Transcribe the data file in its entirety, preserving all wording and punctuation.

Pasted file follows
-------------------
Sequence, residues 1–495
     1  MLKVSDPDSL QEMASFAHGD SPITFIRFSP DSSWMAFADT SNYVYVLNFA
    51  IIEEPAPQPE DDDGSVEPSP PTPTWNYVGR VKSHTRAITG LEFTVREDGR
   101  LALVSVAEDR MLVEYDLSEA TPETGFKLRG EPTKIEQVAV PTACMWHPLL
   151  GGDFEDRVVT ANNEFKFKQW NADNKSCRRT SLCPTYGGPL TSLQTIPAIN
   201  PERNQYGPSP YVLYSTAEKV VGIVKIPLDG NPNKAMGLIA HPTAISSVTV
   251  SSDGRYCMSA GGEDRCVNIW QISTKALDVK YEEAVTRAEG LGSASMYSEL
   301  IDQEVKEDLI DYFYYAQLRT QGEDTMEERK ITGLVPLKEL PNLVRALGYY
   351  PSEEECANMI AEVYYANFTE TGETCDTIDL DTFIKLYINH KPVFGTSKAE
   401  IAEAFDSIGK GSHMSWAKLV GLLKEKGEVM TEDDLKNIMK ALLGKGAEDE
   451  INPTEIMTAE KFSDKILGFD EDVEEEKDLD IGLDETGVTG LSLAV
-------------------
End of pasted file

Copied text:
Sequence, residues 1–495
     1  MLKVSDPDSL QEMASFAHGD SPITFIRFSP DSSWMAFADT SNYVYVLNFA
    51  IIEEPAPQPE DDDGSVEPSP PTPTWNYVGR VKSHTRAITG LEFTVREDGR
   101  LALVSVAEDR MLVEYDLSEA TPETGFKLRG EPTKIEQVAV PTACMWHPLL
   151  GGDFEDRVVT ANNEFKFKQW NADNKSCRRT SLCPTYGGPL TSLQTIPAIN
   201  PERNQYGPSP YVLYSTAEKV VGIVKIPLDG NPNKAMGLIA HPTAISSVTV
   251  SSDGRYCMSA GGEDRCVNIW QISTKALDVK YEEAVTRAEG LGSASMYSEL
   301  IDQEVKEDLI DYFYYAQLRT QGEDTMEERK ITGLVPLKEL PNLVRALGYY
   351  PSEEECANMI AEVYYANFTE TGETCDTIDL DTFIKLYINH KPVFGTSKAE
   401  IAEAFDSIGK GSHMSWAKLV GLLKEKGEVM TEDDLKNIMK ALLGKGAEDE
   451  INPTEIMTAE KFSDKILGFD EDVEEEKDLD IGLDETGVTG LSLAV